As business owners get more clarity about their financial situations, some are wondering whether they need to give their Paycheck Protection Program loans back.
During the seventh National Small Business Town Hall on Friday, Inc. editor-at-large Kimberly Weisul and U.S. Chamber of Commerce executive vice president and chief policy officer Neil Bradley discussed how entrepreneurs should resolve the dilemma. The event was the latest in a series of weekly webinars aimed at informing business owners about the resources available during the coronavirus pandemic.
Registration is now open for the eighth National Small Business Town Hall on Friday, May 15, at 12 p.m. Eastern.
Bradley said some business owners are skittish as a result of the Treasury Department's announcement that it plans to scrutinize certain loans, including those of more than $2 million and those taken out by public companies and firms with venture funding.
If your company has been able to maintain its pre-pandemic level of revenue, Bradley said, it might make sense to return the money before the May 15 deadline. But if you're still facing some uncertainty, he added, don't feel the need to do so.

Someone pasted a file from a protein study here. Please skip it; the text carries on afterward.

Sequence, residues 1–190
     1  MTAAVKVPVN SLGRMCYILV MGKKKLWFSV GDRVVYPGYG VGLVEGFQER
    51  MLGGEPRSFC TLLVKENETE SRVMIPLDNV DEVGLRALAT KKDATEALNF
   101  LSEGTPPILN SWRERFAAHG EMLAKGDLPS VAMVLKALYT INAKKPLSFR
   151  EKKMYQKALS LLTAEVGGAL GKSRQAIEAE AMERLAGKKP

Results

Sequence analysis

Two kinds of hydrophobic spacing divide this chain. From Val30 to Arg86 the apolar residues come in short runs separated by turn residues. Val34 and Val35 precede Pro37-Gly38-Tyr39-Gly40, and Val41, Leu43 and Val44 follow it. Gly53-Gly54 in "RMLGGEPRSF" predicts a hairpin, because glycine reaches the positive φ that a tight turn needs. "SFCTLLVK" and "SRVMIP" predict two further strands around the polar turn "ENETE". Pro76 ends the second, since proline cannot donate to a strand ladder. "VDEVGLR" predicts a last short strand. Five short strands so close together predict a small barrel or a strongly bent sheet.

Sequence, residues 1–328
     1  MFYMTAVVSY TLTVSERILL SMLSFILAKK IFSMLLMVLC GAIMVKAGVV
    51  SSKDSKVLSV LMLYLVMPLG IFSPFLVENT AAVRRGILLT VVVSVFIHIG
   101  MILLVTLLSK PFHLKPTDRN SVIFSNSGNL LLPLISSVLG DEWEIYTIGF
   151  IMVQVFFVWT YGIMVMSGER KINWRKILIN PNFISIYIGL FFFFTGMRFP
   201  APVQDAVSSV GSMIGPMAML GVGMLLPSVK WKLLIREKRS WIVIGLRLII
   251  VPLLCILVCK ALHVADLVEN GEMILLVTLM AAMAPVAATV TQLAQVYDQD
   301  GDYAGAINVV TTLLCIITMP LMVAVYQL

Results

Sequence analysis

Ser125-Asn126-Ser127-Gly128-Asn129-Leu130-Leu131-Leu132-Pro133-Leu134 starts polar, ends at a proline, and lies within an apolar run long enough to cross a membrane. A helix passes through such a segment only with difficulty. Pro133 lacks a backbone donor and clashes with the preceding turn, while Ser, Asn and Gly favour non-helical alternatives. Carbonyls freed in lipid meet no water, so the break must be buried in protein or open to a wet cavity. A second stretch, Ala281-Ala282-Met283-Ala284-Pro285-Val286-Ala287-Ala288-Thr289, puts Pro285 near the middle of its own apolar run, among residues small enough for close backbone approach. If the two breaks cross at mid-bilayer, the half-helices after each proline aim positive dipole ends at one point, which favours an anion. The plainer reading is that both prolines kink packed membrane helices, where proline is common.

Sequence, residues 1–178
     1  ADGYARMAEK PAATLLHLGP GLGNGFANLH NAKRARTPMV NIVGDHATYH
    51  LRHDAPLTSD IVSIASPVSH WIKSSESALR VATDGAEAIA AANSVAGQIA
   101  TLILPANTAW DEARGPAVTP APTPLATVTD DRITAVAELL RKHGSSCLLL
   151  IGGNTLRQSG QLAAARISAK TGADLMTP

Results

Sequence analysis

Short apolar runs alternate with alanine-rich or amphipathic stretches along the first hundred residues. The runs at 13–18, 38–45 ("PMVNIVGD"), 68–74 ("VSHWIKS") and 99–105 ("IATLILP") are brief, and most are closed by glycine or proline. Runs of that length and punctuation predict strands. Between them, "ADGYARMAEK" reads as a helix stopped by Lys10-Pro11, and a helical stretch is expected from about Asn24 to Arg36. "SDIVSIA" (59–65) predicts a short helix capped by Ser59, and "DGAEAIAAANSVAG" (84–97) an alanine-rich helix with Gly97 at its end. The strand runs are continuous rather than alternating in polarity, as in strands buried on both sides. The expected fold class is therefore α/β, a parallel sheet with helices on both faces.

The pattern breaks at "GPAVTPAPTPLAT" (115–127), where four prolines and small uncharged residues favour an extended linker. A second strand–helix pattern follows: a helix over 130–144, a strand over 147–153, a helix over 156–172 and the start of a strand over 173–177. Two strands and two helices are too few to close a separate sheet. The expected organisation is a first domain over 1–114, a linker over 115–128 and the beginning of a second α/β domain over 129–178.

Bradley urged keeping records on the financial conditions you were concerned about when you applied for the loan, such as canceled orders or events. That way, "you can feel comfortable knowing if anyone comes around after the fact and asks if you really needed this loan, you can show documentation about the situation you were facing when you applied."
PPP loans can only be fully forgiven if businesses maintain their employee head counts. Many Town Hall viewers asked what can be done if employees who had been laid off refused to come back.
According to new guidance from the Treasury Department and the U.S. Small Business Administration this week, you can count in your company's head count any employees you offer to rehire, even if they decline. Bradley noted that you must issue the employee a written offer for the same position and the same salary.
As of the end of the day Thursday, the current phase of the PPP still had about $125 billion remaining from the original $320 billion allocated, Crain's reports. Bradley predicted that new legislation allocating additional relief for businesses would be coming as well, likely after Memorial Day. What that would look like is still unclear.
"I don't know that we can assume it's simply a clean replenishment for PPP or EIDL," he said, adding that Congress now knows what has and hasn't worked well with various relief programs. Bradley noted that guidance on loan forgiveness is about two weeks overdue. He expects the Treasury will release it within several days.